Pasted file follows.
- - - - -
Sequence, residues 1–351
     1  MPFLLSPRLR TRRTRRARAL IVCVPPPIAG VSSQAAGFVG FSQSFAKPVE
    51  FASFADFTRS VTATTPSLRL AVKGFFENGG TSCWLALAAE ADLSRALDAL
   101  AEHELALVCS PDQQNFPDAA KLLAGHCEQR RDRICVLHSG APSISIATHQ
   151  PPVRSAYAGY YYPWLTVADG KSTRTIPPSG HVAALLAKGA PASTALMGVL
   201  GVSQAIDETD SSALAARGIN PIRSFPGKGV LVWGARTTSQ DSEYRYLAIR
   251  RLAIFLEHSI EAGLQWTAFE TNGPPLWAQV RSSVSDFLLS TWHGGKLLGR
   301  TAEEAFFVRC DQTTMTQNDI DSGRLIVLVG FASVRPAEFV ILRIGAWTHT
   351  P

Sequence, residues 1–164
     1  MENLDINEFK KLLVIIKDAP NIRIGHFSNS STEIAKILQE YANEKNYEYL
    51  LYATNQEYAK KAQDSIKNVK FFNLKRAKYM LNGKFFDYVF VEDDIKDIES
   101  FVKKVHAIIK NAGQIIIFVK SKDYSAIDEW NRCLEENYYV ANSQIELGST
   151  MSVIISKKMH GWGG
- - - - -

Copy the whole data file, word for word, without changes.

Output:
Sequence, residues 1–351
     1  MPFLLSPRLR TRRTRRARAL IVCVPPPIAG VSSQAAGFVG FSQSFAKPVE
    51  FASFADFTRS VTATTPSLRL AVKGFFENGG TSCWLALAAE ADLSRALDAL
   101  AEHELALVCS PDQQNFPDAA KLLAGHCEQR RDRICVLHSG APSISIATHQ
   151  PPVRSAYAGY YYPWLTVADG KSTRTIPPSG HVAALLAKGA PASTALMGVL
   201  GVSQAIDETD SSALAARGIN PIRSFPGKGV LVWGARTTSQ DSEYRYLAIR
   251  RLAIFLEHSI EAGLQWTAFE TNGPPLWAQV RSSVSDFLLS TWHGGKLLGR
   301  TAEEAFFVRC DQTTMTQNDI DSGRLIVLVG FASVRPAEFV ILRIGAWTHT
   351  P

Sequence, residues 1–164
     1  MENLDINEFK KLLVIIKDAP NIRIGHFSNS STEIAKILQE YANEKNYEYL
    51  LYATNQEYAK KAQDSIKNVK FFNLKRAKYM LNGKFFDYVF VEDDIKDIES
   101  FVKKVHAIIK NAGQIIIFVK SKDYSAIDEW NRCLEENYYV ANSQIELGST
   151  MSVIISKKMH GWGG